Operations

W.Va. Auditor Fails to Find Accurate Fleet Count

December 08, 2016, by Roselynne Reyes

Photo via Flickr/David Wilson
Photo via Flickr/David Wilson

After five months, the State of West Virginia's Auditor's Office has reported that it cannot accurately determine how many vehicles are in the state's fleet.

In July, the auditor's office announced that it was conducting a fleet audit to determine how many vehicles are in the fleet and whether this number of vehicles is necessary. Although the Fleet Management Office reported 7,700 vehicles in its fleet, there were 10,000 active state license plates issued by the Department of Motor Vehicles (DMV) and 12,000 vehicles covered by the Board of Risk and Insurance Management.

Looking at all three figures, the auditor's office concluded that none of these counts show an accurate portrayal of how many vehicles are maintained within the fleet.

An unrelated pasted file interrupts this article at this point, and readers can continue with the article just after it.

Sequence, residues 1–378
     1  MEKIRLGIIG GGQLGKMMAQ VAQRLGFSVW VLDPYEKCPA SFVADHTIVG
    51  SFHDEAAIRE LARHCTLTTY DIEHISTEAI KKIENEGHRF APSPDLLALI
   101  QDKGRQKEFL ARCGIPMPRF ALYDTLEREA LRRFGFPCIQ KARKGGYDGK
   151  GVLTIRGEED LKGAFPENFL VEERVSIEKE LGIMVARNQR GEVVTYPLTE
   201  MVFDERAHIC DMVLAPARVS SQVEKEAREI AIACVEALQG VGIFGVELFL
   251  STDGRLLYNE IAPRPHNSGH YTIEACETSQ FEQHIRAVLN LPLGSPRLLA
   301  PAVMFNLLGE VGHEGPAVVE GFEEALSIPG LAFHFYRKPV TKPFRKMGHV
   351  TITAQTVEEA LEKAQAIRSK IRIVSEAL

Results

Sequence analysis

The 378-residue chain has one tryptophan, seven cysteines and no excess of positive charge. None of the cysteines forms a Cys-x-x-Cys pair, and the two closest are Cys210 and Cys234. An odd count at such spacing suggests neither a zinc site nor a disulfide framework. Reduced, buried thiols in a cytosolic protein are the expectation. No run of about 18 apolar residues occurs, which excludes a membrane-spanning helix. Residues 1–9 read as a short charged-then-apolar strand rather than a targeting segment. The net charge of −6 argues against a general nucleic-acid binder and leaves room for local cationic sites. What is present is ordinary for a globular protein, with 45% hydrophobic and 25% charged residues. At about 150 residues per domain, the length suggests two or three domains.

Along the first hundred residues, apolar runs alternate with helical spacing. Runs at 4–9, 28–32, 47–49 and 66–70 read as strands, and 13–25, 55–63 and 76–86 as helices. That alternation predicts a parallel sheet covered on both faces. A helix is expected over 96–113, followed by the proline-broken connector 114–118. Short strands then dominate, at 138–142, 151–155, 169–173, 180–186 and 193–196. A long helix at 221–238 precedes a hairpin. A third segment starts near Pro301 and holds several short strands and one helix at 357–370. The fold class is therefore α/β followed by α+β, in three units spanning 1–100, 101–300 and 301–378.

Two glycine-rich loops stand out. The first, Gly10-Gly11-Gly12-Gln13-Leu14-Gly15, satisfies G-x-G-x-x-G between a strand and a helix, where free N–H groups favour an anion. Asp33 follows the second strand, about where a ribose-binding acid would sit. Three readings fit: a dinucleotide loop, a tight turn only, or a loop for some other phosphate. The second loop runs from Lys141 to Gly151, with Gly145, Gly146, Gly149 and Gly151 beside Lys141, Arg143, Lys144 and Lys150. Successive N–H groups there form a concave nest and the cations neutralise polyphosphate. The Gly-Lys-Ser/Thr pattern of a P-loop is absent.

The fleet office records its vehicle count through the Purchasing Division. But 37 agencies, including universities and the Parkways Authority, are exempt from Purchasing Division oversight. 

Of the state license plates issued by the DMV, the report found that as many as 1,680 were issued to non-state-owned vehicles, including public service agencies, non-governmental organizations (NGOs), non-profits, and local governments within the state. 

The auditor's office was not able to determine vehicle count through the Board of Risk and Insurance Management either, as the board also insures equipment and heavy-duty vehicles. The board also reported several cases in which state agencies failed to update its vehicle count and the state continued to insure out-of-commission vehicles.

In the report, the auditor's office recommended that all agencies adopt a uniform policy for reporting vehicle counts within the state's asset management system. It also recommended that agencies report their vehicle count to Fleet Management once a year, which will then be presented in an annual fleet report for the Governor and Joint Committee on Government and Finance. Additional suggestions include changing the way the DMV titles and maintains its state vehicle registry and improving communication between state agencies and the Board of Risk and Insurance.

Read the full audit here

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